Australia’s financial services sandbox gets a makeover

The Australian Securities and Investments Commission (ASIC) is shuttering its existing financial services regulatory sandbox initiative, replacing it from September 1 with what it has labelled the enhanced regulatory sandbox (ERS). The current ASIC sandbox initiative was established in 2016 to allow eligible fintech companies to test certain products or services […]

The Australian Securities and Investments Commission (ASIC) is shuttering its existing financial services regulatory sandbox initiative, replacing it from September 1 with what it has labelled the enhanced regulatory sandbox (ERS).

The current ASIC sandbox initiative was established in 2016 to allow eligible fintech companies to test certain products or services for up to 12 months without an Australian financial services (AFS) licence or Australian credit licence.

The ERS will expand on the current sandbox to allow for a longer testing period, up to two years, for a broader range of financial services and credit activities. It will also be available for a wider range of businesses, including existing licensees.

See also: 14 Aussie tech firms rally against government’s lack of focus on startups

ASIC said the ERS is aimed at facilitating financial innovation in Australia, as was the existing sandbox. The existing sandbox, however, has only seen a total of seven entities participate since 2016.

Revealing the information within a submission to the Select Committee on Financial Technology and Regulatory Technology in January, ASIC also said a further 44 entities had submitted preliminary notifications to join the sandbox, but they did not meet the criteria necessary to qualify.

As further detailed in the ERS information sheet, participants must only provide certain types of financial services and products, only engage in certain types of credit activities, not exceed the relevant exposure limits for clients, only test a product or service for 24 months or less, and comply with any make-good orders the regulator issues.

Deposit products, non-cash payment facilities, general insurance, life insurance, superannuation, and simple managed investment schemes are classed as examples of eligible retail-facing services to be tested.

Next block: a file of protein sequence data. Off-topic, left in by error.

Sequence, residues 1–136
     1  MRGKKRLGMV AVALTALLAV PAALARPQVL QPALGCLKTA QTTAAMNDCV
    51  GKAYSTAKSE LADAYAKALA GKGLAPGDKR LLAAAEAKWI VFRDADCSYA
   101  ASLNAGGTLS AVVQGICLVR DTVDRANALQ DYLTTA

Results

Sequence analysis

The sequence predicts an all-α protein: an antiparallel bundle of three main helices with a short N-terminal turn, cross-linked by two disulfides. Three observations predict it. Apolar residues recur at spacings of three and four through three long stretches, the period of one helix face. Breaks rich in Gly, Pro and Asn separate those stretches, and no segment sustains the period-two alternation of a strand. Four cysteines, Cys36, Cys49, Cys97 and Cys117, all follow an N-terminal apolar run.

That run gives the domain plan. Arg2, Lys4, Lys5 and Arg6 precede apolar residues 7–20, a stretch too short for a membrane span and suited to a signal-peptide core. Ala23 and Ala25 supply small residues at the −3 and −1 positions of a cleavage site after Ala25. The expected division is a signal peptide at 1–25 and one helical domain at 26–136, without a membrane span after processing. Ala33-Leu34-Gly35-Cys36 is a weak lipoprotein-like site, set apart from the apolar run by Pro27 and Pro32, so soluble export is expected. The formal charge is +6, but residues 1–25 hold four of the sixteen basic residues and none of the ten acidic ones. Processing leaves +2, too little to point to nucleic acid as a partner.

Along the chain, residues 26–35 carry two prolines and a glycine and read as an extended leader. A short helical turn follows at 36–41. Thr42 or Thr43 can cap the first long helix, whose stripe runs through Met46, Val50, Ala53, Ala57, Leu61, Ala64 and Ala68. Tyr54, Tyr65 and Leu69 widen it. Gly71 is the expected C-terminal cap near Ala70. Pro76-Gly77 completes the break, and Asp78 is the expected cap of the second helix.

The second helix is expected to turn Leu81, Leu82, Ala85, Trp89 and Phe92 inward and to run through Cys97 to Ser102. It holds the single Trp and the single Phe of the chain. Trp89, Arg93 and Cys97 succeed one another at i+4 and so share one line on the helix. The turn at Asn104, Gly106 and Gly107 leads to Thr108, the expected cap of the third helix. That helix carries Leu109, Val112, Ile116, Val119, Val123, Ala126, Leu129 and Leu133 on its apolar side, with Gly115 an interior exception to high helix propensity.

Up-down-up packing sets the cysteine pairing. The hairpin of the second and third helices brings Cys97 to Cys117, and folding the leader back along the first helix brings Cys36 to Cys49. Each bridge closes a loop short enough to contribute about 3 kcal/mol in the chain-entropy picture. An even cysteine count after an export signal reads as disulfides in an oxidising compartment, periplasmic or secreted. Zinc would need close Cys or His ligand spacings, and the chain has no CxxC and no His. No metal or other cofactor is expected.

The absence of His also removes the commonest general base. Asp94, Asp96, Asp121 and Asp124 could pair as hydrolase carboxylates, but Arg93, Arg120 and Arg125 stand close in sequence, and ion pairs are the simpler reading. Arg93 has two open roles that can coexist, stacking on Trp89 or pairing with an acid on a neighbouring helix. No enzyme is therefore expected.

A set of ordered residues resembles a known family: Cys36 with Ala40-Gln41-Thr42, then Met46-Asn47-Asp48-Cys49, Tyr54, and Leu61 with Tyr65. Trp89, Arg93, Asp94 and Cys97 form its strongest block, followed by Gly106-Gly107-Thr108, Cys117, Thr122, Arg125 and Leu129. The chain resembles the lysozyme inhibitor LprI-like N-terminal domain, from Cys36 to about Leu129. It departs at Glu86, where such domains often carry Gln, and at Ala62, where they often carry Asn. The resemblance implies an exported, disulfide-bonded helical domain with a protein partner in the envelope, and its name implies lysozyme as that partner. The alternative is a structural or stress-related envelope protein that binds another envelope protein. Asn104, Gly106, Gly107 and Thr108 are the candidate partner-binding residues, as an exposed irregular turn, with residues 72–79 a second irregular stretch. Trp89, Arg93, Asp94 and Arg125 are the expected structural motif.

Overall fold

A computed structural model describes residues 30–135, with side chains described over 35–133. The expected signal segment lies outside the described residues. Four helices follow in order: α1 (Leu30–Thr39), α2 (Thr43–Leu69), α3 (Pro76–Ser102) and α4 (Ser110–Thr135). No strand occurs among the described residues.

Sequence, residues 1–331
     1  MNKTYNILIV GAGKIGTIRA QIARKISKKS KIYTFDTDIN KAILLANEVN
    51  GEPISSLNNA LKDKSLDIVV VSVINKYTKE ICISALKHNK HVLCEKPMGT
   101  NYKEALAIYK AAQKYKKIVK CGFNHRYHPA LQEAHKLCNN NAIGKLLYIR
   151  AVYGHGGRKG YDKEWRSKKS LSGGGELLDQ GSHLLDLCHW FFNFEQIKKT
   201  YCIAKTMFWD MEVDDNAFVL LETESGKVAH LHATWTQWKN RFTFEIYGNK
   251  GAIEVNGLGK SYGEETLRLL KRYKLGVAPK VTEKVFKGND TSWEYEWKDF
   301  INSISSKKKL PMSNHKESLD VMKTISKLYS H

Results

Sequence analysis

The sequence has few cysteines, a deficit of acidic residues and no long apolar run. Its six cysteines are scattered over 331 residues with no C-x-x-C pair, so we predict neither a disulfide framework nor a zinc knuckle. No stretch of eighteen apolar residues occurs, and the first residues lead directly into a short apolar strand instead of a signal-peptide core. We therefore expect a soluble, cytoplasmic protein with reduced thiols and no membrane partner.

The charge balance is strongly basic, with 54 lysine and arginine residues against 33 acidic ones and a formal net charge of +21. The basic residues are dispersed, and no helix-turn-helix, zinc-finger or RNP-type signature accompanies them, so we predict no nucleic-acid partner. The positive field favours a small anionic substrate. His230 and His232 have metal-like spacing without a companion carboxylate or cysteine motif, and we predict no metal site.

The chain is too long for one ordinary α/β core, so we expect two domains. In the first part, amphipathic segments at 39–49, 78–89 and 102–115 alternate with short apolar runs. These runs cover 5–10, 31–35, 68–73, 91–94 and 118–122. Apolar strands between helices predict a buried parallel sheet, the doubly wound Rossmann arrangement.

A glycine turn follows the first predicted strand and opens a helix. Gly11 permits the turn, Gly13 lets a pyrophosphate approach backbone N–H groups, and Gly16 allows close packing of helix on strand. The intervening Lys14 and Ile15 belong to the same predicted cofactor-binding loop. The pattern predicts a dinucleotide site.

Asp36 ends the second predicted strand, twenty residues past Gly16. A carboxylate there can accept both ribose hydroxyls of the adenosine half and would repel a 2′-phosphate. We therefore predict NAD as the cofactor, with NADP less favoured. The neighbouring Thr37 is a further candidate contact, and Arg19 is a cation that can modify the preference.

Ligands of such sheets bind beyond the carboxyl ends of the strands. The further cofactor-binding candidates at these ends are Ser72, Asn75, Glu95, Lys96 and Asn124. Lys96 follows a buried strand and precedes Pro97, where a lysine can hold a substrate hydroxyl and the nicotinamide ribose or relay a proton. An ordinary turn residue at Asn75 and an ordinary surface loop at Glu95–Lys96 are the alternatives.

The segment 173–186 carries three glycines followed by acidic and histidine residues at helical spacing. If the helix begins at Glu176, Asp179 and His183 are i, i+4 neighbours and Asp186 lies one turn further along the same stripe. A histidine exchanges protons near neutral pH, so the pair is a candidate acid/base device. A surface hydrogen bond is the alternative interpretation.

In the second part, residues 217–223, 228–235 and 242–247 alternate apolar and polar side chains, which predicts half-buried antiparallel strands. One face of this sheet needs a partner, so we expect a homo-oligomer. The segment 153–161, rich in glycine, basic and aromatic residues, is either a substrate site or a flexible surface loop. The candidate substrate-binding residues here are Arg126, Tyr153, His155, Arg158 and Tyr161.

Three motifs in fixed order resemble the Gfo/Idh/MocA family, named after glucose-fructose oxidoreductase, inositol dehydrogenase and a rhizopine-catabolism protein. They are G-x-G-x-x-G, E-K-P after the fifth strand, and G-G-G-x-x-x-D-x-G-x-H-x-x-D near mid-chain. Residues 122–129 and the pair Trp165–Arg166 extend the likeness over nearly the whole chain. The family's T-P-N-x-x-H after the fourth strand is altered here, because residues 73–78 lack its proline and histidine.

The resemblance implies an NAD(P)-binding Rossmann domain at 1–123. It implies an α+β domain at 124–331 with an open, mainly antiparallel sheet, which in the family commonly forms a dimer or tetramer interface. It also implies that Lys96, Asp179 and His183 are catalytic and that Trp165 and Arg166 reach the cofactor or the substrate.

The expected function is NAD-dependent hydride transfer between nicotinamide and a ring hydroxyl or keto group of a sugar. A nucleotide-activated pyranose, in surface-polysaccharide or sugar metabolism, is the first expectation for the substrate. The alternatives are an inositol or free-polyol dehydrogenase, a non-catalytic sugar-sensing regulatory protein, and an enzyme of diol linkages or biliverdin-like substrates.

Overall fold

Participants must be Australia-based and they must also pass the net public benefit test and innovation test set by ASIC.

Since 2015, ASIC has met with 514 fintech and regtech startups through its Innovation Hub, with 486 receiving further “assistance” facilitated by the watchdog.

According to ASIC, fintech businesses that engaged with its Innovation Hub prior to submitting an application for approval for an AFS or credit licence, on average, received approval 22% faster — 111 days — than those that sought licences without assistance — 135 days.

Of the 514, 69 were regtechs, 69 were digital advisors, 63 considered themselves payments or remittance facilities, 47 were marketplace lenders, and 40 were consumer credit providers.

The Innovation Hub was stood up in 2015 as a way for ASIC to help fintechs understand regulatory obligations. The scope was later expanded to cover regtechs as well.

ASIC said a total of 96 licence applications have been approved — resulting in 78 full licences — to 86 fintech service providers out of 145 licence applications hailing from 124 fintechs since March 2015. Of those, 28 were withdrawn by the applicant and nine are still in progress.

Of the 96 granted applications, 20 were for marketplace lenders, 43 were received from crowdsource funding intermediaries, 21 were to a non-cash payment facility, and three were granted to neo-banks.

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